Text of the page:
Archer – As a matter of fact, sir, I wanted to mention access to literature to you, sir. You see, I’m finding myself… strongly drawn towards Mecca… very strongly indeed.

Governor (enraged) – MECCA, Archer?!

Archer (deadpan) – Yes, sir… something’s stirring within me… I’m sure you understand…

Governor – Archer you will see the Chaplain tomorrow morning –

Archer (smirking) – I‘m an atheist, sir – it’s on my record: “atheist and vegetarian”.

Governor – You told them you were Christ in Dover so you will see the Chaplain and we’ll have no more talk of MECCA! in this establishment!

The film has been overshadowed by the violence and the infamy of the “I’m the daddy!” meme, but taken as a piece, it is a supremely good example of the actors craft. Just watch and see how many faces you recognise.

Glengarry Glen Ross

I only heard of this film recently – a link to Alec Baldwin’s immportal “Always be closing!” speech. Watching it was a great pleasure – what a stellar cast! Jack Lemmon is the best of them, but there’s also Al Pacino, Ed Harris, Kevin Spacey and Jonathan Price (and that Baldwin chap). Real heavyweights. The film is essentially “Death of a Salesman” for the 1990s – the agony and bitterness of capitalism, the unforgiving nature of sales, its fraudulence and masks. Adapted from the Tony-winning play, the film wisely keeps to the basic theatrical nature of the script, keeping it in mostly in two rooms. This focuses attention of the actors: their exchanges, the feelings, needs and fears of their characters, are just magnificent. Lemmon in particular practically steals the show with his gradual unmasking of the desperate old sales pro. Here he is, trying to keep the desperation away:

Withnail & I

While this is no doubt the companion to many foolish student antics, my god the dialogue is so good! The wit is rapier-sharp, with Withnail’s helpless bathetic rage, Marwood’s stoic innocence and Monty’s desperate longing marvellously realised. You can view the film as a lament for the 60s or for mourning the passing of youth (as Monty does so articulately, and as Withnail, stranded the wrong side of thirty with a sole flapping out his shoe, so exemplifies), or as a British Fear And Loathing In Las Vegas, and these are all there, but the character interaction is the thing to savour. There are so many scenes which are just utter gems. Consider the “break in” scene, when Withnail and Marwood think a local poacher they argued with has broken into the cottage in which they are staying:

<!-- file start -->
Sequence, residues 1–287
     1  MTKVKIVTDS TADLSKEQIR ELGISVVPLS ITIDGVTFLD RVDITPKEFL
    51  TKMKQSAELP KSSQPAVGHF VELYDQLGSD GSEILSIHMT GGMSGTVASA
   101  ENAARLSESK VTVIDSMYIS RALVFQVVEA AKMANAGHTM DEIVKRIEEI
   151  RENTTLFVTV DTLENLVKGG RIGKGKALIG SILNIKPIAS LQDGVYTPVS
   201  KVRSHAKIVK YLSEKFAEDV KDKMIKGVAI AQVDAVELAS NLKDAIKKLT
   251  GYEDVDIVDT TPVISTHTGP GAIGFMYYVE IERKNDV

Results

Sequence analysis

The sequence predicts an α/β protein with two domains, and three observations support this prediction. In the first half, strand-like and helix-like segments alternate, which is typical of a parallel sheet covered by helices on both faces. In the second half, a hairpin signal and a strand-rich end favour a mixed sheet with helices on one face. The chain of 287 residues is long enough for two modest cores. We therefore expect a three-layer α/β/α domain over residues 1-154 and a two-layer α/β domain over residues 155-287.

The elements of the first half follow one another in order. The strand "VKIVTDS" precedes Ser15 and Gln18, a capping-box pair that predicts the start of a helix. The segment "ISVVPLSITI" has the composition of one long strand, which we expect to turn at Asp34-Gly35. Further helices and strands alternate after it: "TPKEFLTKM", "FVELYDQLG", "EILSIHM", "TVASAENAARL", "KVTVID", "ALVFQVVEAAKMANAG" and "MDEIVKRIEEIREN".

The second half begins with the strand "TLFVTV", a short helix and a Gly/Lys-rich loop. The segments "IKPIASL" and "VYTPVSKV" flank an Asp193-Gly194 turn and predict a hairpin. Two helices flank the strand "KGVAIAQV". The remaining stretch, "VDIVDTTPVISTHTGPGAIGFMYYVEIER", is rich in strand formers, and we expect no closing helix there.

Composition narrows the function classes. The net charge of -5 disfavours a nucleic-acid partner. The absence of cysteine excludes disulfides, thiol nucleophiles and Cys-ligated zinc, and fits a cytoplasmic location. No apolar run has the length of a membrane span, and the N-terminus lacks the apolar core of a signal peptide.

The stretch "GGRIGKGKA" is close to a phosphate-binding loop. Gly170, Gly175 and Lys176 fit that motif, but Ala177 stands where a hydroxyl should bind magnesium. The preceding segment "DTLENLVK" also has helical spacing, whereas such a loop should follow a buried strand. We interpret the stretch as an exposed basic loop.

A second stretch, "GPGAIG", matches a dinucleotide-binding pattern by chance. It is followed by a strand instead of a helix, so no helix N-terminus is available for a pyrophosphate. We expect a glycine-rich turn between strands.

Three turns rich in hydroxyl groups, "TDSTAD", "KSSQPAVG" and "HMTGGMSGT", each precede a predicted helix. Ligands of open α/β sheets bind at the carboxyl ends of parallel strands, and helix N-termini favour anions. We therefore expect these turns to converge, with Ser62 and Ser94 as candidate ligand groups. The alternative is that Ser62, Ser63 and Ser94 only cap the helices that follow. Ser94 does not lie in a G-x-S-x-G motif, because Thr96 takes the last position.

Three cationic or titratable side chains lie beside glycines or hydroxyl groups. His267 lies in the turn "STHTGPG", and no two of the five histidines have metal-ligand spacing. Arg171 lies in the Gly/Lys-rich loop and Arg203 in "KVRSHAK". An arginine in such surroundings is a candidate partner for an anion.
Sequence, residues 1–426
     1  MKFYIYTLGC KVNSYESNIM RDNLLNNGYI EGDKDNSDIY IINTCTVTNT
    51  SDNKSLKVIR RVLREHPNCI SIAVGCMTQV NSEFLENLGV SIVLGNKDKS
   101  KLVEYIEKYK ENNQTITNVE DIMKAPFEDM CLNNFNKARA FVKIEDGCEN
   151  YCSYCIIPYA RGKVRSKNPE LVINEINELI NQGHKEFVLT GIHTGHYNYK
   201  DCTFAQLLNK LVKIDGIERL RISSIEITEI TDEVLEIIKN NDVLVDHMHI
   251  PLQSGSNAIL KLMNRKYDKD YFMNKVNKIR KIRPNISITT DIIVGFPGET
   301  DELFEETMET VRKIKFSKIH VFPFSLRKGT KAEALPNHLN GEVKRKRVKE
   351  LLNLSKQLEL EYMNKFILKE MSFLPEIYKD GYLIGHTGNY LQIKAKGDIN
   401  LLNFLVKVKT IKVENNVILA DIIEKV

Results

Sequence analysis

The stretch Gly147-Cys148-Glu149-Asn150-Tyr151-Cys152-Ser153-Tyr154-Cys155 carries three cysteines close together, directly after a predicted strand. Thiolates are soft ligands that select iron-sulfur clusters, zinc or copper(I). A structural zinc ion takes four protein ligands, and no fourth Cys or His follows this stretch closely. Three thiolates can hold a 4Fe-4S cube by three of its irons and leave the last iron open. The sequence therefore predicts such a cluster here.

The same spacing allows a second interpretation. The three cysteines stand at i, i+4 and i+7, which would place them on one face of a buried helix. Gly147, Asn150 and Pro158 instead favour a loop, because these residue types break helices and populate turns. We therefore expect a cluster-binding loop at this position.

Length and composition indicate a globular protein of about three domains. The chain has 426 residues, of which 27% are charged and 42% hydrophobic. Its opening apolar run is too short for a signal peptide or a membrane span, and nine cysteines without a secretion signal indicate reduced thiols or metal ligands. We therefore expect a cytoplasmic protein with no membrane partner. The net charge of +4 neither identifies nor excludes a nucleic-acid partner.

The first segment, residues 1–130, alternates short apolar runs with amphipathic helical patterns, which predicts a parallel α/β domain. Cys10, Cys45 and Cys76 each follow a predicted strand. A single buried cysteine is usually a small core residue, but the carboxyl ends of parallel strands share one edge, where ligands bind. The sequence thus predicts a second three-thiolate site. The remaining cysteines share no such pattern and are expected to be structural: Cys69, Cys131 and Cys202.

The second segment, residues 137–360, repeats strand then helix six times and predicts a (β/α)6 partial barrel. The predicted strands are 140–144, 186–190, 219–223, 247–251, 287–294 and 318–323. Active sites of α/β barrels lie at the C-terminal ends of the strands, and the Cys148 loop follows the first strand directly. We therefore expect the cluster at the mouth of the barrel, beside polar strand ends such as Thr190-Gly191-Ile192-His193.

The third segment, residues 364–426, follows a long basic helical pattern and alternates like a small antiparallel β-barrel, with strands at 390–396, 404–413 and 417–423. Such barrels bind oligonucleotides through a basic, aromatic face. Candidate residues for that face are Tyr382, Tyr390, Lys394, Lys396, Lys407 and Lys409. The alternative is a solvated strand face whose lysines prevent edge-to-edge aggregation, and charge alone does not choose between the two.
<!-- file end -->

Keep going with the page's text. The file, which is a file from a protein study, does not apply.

Or when Monty wants to commit burglary:

Or when Withnail starts to get withdrawal from alcohol (and unfortunately launched a thousand wankers proclaiming THAT LINE to bar staff):

Or Marwood’s encounter with the bull, and Withnail’s sagacious advice...

The dialogue is a joy but the delivery is pitch-perfect. There’s something utterly British in our fondness in exploring failure, loss and fuckuperry: and Withnail and I is a class one British film.

if…

What is it with film directors (or perhaps more to the point, the person in charge of casting) and young actors? It is always ridiculous to have someone around forty AND LOOKING IT playing someone in high school. Rizzo from Grease? THIRTY THREE! The worst one though is the school thug in Christine (Stephen King novel, John Carpenter directed) – motherfucker looks like he’s been held back for about twenty years.

if… on the other hand really does feature boys of the right age, and gets good performances out of them. Malcolm MacDowell rather steals the show, but there are many strong showings, from the acerbic, hypocritical, tight-lipped head whip Rowentree:

to the rather adorable Bobby Philips, watching an older boy on the parallel bars (from about 1.00), doing nothing but emoting so much:

to “the girl”, an amazonian tiger:

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2 thoughts on “Actor’s Films

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  2. Although the late Richard Griffiths was always a delight, I don’t buy your argument for Withnail. Robinson’s writing, and the acting of McGann and Grant, are very winning in a lot of ways – but it’s not subtle.

    The GREAT acting film of recent years for me was In Bruges. It is certainly flawed (gets awkwardly melodramatic in the last third), but it must be far and away Colin Farrell’s best film (and he’s done some good stuff), and the support from Brendan Gleeson and Ralph Fiennes is also extraordinary. I could watch much of this (have done!) with the sound off, just to enjoy the facial and physical elements of the performances.

    For me, it may beat Glengarry, Glenross into second place – although that’s probably going to hold the honours for a larger ensemble cast for a very long time.